Kluber worked four innings and was charged with four runs on six hits. He did not strike out a batter for the first time in 145 career appearances in the Majors. Hendricks lasted four and two-thirds innings, giving up two runs (one earned) on four hits with two strikeouts and a walk.
Miller and Shaw each gave up a pair of runs in relief for the Tribe. Miller allowed four hits and walked a batter in his inning and one-third. Shaw walked two and allowed three hits in his inning on the mound. Three of four Cubs relievers gave up runs, including Lester (two runs, one earned), Chapman (two runs), and Edwards Jr. (one run).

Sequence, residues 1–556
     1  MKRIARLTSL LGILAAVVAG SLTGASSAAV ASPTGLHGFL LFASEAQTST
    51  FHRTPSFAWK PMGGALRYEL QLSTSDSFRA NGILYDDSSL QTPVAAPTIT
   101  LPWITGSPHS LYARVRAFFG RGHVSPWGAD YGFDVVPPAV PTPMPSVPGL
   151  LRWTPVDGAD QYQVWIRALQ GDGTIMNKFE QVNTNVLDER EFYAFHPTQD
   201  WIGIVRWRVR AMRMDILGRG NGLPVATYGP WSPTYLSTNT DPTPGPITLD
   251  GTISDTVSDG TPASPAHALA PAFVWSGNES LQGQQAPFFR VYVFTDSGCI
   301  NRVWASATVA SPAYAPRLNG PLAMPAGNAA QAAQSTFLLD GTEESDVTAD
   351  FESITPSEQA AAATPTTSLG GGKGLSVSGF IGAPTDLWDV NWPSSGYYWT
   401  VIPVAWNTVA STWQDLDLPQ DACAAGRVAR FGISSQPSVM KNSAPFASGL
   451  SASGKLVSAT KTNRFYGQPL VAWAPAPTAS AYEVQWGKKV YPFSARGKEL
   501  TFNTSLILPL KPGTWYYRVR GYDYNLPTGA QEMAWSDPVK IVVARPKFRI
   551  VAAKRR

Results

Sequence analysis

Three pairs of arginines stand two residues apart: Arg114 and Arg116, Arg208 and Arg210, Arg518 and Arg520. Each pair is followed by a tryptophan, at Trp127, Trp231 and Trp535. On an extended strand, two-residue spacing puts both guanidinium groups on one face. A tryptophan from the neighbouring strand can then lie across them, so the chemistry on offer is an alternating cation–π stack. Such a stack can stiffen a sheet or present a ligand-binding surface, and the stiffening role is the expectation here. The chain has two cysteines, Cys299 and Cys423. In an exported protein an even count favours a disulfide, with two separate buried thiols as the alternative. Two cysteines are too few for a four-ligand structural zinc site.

Crisp, Davis, Guyer, and Ramirez each had two hits for the Indians offense. Fowler and Schwarber led off the Cubs batting order with a pair of three-hit games.
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The long offseason now begins, but this one will be notably shorter than the others for the Cubs and the Indians. The Tribe, with a return to health and the experiences of falling just a run short in the seventh game of the Fall Classic, will return undoubtedly hungrier than ever.
Photo: Elsa/Getty Images